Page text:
By Natalie Egan, B.S.
We all have gas. Yet, we’re embarrassed to mention it to health-care providers and friends in social conversation. Ten percent to 20 percent of adults have the digestive complaints of belching or flatulence. Here’s the good news: Bloating or gas doesn’t necessarily mean there is something wrong with digestion. But to minimize gas and its embarrassment, the first areas to focus on are diet and eating habits.
Gas in the stomach and intestines can be expelled by burping or passing flatus. Swallowed air, which may stay in the stomach for a period of time, is released by belching. Bloating typically occurs with air that is trapped in the colon or small bowel. Air passed through the bowel is typically passed as flatus. A normal individual emits flatus from 12 to 25 times per day, with more gas in the intestine later in the day than earlier.
Intestinal gas is made up of oxygen, nitrogen, carbon dioxide, hydrogen and methane. The composition varies depending on the type of intestinal gas. Gas is caused by various factors, the most common of which are eating behaviors and the bacterial fermentation of certain foods.
The colon is filled with bacteria, yeasts and fungi, which break down the foods not digested by the small intestine, mostly different forms of carbohydrates. These bacteria particularly enjoy undigested carbohydrates, and the fermentation leads to gas production, hydrogen and methane expelled as flatus. Lactose is one of the most common sources of gas-causing carbohydrate, affecting people who are “lactose intolerant,” meaning they do not have the enzyme lactase needed to digest the carbohydrate. Typically, lactose is found in dairy products. Beans are the second most common carbohydrate implicated in gas production. The indigestible carbohydrate in beans that typically causes flatus is raffinose.
Eating behaviors and other habits such as gum chewing, gulping foods and drinking with eating can cause us to swallow air. Bulky foods such as lettuce, cabbage, and dense breads not chewed into small enough pieces increase swallowed air.
Typically, swallowed air contains oxygen, nitrogen and carbon dioxide. It tends not to have a foul smell, but it does contribute to the discomfort associated with gas.
People vary widely in how sensitive they are to gas production. Keeping a food record to document incidences of gas in relation to foods eaten can shed light on whether food or behavior may be aggravating the situation.
Bloating is a sensation that makes the abdomen feel larger than normal. The abdomen doesn’t get physically bigger until its volume increases by one quart, so the bloated feeling may occur, but the abdomen is not distended. Intestinal gas may cause the feeling of bloating.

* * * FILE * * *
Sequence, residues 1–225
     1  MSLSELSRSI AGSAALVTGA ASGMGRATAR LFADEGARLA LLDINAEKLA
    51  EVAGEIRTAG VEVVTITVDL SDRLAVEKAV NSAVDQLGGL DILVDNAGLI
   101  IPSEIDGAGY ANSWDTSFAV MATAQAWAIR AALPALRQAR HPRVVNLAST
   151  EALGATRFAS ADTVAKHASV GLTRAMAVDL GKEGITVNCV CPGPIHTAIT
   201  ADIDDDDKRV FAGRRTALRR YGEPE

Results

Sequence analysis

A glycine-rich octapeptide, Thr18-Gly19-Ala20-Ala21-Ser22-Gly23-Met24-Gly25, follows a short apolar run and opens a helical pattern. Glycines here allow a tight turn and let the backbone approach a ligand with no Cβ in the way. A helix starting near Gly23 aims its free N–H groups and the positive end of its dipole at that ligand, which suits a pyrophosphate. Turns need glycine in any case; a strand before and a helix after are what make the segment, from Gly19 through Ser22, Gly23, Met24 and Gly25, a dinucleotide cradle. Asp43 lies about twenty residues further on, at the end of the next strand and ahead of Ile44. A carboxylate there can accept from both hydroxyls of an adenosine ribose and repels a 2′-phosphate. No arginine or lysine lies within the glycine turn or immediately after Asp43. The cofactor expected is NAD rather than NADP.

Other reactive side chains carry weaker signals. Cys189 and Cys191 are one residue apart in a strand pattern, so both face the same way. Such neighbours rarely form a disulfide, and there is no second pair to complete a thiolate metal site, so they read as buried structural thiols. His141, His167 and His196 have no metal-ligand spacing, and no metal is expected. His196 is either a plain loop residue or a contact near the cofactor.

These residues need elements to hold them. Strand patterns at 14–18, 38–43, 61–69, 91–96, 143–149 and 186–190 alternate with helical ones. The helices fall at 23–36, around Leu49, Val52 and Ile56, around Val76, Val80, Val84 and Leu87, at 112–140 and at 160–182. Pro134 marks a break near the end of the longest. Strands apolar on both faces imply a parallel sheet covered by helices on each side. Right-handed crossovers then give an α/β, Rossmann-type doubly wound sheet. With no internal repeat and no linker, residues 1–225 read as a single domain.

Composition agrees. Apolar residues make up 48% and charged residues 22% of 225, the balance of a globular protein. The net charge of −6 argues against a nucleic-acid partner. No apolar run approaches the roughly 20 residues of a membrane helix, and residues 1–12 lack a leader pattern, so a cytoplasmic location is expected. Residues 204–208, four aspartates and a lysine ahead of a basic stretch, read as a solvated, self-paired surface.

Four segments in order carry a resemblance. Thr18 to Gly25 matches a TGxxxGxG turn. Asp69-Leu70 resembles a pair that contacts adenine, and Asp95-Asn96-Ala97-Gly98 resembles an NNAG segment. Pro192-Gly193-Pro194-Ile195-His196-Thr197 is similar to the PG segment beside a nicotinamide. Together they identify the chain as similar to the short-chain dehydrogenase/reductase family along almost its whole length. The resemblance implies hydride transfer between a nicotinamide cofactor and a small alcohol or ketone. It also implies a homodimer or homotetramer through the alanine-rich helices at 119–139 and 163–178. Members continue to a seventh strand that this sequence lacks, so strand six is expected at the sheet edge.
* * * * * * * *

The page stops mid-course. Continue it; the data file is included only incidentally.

Here are additional suggestions to decrease bloating:
It is important not to completely omit foods from the diet that may cause gas. As we know, a high-fiber diet is important for bowel regularity and colon health, so it is well worth the patience it may take to slowly build up tolerance to these types of carbohydrates. Start by adding the offending high-fiber food in smaller quantities, such as a half cup or less. Be sure that fluid intake and activity levels are adequate, as they help to move foods through the digestive tract.
Many advertisements tout medications or remedies that reduce gas and bloating. Some have been shown to be of value in clinical studies, others have not yet been proven scientifically but are anecdotally helpful. Before trying anything, you may want to consult with your physician.
Two products on the market can help with food-related gas and bloating. Both products are packaged forms of the enzymes needed to break down the problematic carbohydrates. Lactase, found in products such as Dairy Ease and Lactaid, can be taken with dairy foods to help break down lactose and lessen gas. Beano helps digest the indigestible carbohydrate in beans and other gas-producing vegetables.
Natural remedies for gas include:
Over-the-counter gas remedies include:
In most situations, occasional gas and abdominal discomfort does not require medical attention. A self-assessment of habits, changes in eating behaviors and over-the-counter products can help to remedy the situation. However, you should seek medical attention when there is an increase in frequency, location or severity of the symptoms, or if they are accompanied by weight loss, diarrhea, vomiting or heartburn.
Natalie Egan is a senior nutritionist at Brigham and Women's Hospital. She received her Bachelor of Science at Simmons College and her Master of Science in nutrition at Massachusetts General Hospital Institute of Health Professions. She completed her dietetic internship at Vanderbilt University Medical Center. She is an adjunct faculty member at Emmanuel College and Simmons College.